A Prayer



Odin’s Ravens came today

To take my measure as a man.

Is that better

Or worse

Than Zeus appearing before his cupbearer to be

In the form of an eagle?



I want to be carried away, too

And I wish to die amongst the Gods,

Yes, I want my ashes to be scattered

Across the Heavens,

So that I, too, might orbit

Some greater being than myself –

Some looming star

More steadfast than I.


Ten Thousand Distant Suns



I hope you did not hear me call your name

In the middle of the night,

When darkness fell too heavily upon my shoulders

For me to bear its weight alone.

I pray you did not witness my weakness

In the crimson dawn,

So weary was I from the waiting

That I wept as light flooded the valley.

I wonder if you saw my fall

In the strange noon-day shadows,

And if the glint of the guillotine will remain, ghost-like,

In your memory, at night, when silence surpasses all sound,

In the dark, when the weight of your guilt falls too heavily upon your shoulders

For you to bear its weight without praying for redemption,

But I cannot yet forgive,

And you will shoulder the blame as Atlas upheld the Heavens,

Weary, and with much regret.

I hope you’ll hear me calling, then, and

I pray you’ll remember my moment of triumph –

You know the one –

And one day, when night falls and our Kingdom comes,

You’ll hear the music of wild, feral drums, and

The darkness shall be lifted by the foreign light of ten thousand distant suns.

Violets in Wartime





Tis the sound

Of violence in the springtime.



Hear the herald angels sing;

Up, onwards, and towards greater things.


Find me

In the fields

Where the flowers bend and bray –

They will not leave unspoken the words you meant to say.


There, I’ll wait,

Watching you by the Ivory Gate,

And dream I may, dream I might,

That you may join me another night.


You’ll find me, my love,

Where the violets in wartime grow gentle and green;

Whether they are a portent of things to come remains to be seen.


Before long,

The angels will be singing our song.


Until then, beneath the stars I’ll lay, free as a wildflower on her dying day.


A Song of Earth

A bird AND a plane


I wonder if the birds envy the planes,

If their ancestral stories of tell of times long and long ago,

Times when they were closer to God

Than any other being to walk across

This sacred Earth,

A time when seagulls laughed their taunting cry

As shoreward they soared,

A time when the youth were held in line,

And the elders were wiser by far,

A time when the air was purer,

And the sky was bluer,

And when you landed and looked up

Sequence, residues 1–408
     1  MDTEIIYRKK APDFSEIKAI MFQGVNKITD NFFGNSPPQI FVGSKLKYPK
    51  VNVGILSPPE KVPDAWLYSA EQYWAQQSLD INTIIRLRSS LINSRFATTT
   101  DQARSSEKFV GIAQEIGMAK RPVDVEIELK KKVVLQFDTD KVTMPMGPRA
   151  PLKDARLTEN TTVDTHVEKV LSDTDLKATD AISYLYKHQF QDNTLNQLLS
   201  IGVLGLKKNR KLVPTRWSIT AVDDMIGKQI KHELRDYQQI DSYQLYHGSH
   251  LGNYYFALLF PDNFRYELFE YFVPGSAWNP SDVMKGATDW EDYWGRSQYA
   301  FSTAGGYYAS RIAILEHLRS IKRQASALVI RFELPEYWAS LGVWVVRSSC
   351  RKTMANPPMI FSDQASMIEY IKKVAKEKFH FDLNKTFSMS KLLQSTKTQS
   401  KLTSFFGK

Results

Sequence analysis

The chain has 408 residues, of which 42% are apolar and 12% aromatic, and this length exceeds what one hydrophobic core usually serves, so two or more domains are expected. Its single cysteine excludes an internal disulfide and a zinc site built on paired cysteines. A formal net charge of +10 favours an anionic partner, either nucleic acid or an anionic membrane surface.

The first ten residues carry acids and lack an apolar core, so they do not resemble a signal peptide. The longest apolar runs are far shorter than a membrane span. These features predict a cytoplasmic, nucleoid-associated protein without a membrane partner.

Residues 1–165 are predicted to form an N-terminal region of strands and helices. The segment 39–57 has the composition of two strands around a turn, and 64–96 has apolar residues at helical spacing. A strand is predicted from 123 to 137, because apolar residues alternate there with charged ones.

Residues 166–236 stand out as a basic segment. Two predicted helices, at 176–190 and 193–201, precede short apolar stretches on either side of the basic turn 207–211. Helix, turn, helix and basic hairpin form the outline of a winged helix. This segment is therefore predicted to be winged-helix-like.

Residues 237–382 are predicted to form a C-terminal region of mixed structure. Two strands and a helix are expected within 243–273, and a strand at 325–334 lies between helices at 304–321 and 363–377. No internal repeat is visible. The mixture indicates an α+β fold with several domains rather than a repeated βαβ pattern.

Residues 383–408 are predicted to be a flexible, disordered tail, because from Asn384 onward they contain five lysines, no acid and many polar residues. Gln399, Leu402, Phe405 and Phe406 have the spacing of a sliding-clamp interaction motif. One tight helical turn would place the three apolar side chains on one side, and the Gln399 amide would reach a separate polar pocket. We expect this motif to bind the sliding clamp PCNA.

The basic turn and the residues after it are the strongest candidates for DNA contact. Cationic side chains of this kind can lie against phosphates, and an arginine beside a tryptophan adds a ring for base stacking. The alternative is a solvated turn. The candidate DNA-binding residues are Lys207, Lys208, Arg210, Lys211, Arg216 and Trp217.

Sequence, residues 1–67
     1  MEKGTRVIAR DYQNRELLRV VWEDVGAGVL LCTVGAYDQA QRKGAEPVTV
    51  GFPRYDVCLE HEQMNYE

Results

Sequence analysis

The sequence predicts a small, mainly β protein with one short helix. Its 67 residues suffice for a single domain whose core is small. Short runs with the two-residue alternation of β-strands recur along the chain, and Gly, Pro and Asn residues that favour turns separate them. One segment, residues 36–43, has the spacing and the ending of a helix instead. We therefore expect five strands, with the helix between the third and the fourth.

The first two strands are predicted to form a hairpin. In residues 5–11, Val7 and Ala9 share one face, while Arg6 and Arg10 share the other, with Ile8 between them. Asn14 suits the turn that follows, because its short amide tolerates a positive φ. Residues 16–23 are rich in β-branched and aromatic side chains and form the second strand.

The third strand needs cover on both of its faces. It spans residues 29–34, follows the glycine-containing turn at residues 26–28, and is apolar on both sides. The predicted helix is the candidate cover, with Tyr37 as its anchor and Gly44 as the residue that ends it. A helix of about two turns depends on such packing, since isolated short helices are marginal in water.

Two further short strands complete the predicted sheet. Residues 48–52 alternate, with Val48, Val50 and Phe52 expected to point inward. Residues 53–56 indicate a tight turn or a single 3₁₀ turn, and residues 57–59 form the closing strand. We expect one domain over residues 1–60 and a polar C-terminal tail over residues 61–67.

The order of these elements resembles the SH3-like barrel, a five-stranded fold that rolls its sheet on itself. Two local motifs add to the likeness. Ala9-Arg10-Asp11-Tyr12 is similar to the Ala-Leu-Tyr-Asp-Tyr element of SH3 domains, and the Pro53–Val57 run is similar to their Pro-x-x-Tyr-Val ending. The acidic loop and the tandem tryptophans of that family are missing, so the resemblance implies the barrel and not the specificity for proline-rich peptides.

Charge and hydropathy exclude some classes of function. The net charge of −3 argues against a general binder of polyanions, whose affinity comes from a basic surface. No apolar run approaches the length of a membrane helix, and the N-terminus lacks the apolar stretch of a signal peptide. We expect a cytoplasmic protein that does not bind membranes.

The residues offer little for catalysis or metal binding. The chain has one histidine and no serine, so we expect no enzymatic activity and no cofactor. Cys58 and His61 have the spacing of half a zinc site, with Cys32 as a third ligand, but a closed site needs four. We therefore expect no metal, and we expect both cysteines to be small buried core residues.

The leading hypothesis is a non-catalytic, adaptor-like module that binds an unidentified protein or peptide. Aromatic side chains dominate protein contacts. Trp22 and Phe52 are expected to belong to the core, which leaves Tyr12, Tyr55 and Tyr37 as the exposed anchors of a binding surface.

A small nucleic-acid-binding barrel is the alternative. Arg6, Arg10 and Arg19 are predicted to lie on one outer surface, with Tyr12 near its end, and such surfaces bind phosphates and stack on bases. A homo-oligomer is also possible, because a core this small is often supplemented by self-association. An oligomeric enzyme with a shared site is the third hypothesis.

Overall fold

And up

And up,

You could see not a paltry smattering of stars,

But rather, the glory of the universe herself,

The face of the Goddess each night revealed,

The broad brushstroke of her lips

Wrapped around the words

Of a love song about her home;

Her eyes sparkling

As she sung songs of Earth.




Every mirror

Reflects the ghost of you,

Staring back at me through narrowed eyes,

Beseeching me to follow you down –

Wide is the road, or so it has been said –

Down into Hell,

Down into oblivion and abandon,

Down into the darkest depths

Of my heart and my soul,

Upon which the sun

Is always setting

And whose waters

I am forever failing to tread.


The glassy surface of the lake

Shows a different side of you, though,

Wide-eyed and radiant –

Exactly as you were,

When the world was young,

And so were we.


I will drown, either way;

Tis a fitting end,

Says that part of me

That burnt up, and was burnt down,

By the starlight

I found, shining, in the blinding brightness

That didn’t strike me

Until after I’d gazed into your eyes

For the last time

In a lifetime.

The Voyage



Distant and void,

Frigid and alone,

Far from where they started,

Yet no closer to where they’re meant to be,

Are two lonely little spacecraft

Tasked with filling the silent spaces between the stars

With the riotous song of the human dream,

Themselves dreaming of an ending,

A point in space and time

When they can rest,

And where they can find themselves spinning

Around some distant star unlike our own

On a collision course,

A billion years from now,

When humanity is but a ghost,

Echoing, lonely and lost,

Around the epicenter of a stage called Earth,

On which their song was sung,

Upon which their battles were lost and won,

From whose green and blue depths

 They launched two small voyagers

Just to say,

“We were here.”

Summer’s Ending Soon

Summer is what summer has always been.

It’s that moment in July

When you realize,

“Summer’s ending soon,”

And there is not a thing you can do

To stop the turning of the Earth,

Or the motions of the planets,

Or the revolution of the stars in their orbits

Around some distant galactic hub

Which I have and will never see,

Yet am assured by the most veritable authorities


Somewhere impossibly distant from here,

Beyond the boundless distance between the stars,

Across time and space,

Itself turning with the eons,

Hurtling through space

On a collision course with its neighbor,

And I suppose I can relate

But then again, maybe not;

Maybe there are just some things beyond

The boundaries of what is relative and relatable

To the human experience,
Which is also something

I have never seen,

But which my humanity,

And your humanity,

And our collective humanity

Demands the existence of.

Summer is what summer has always been –

Our humanity at its finest,

Life and death balanced together on the edge of a knife,

Dancing with one another on the head of a pin,

Which brings into question once more

Just how many angels can, in fact,

Dance their divinity away on such a surface;

I say that the answer lies somewhere near the square root

Of the number two;

No one else seems to agree.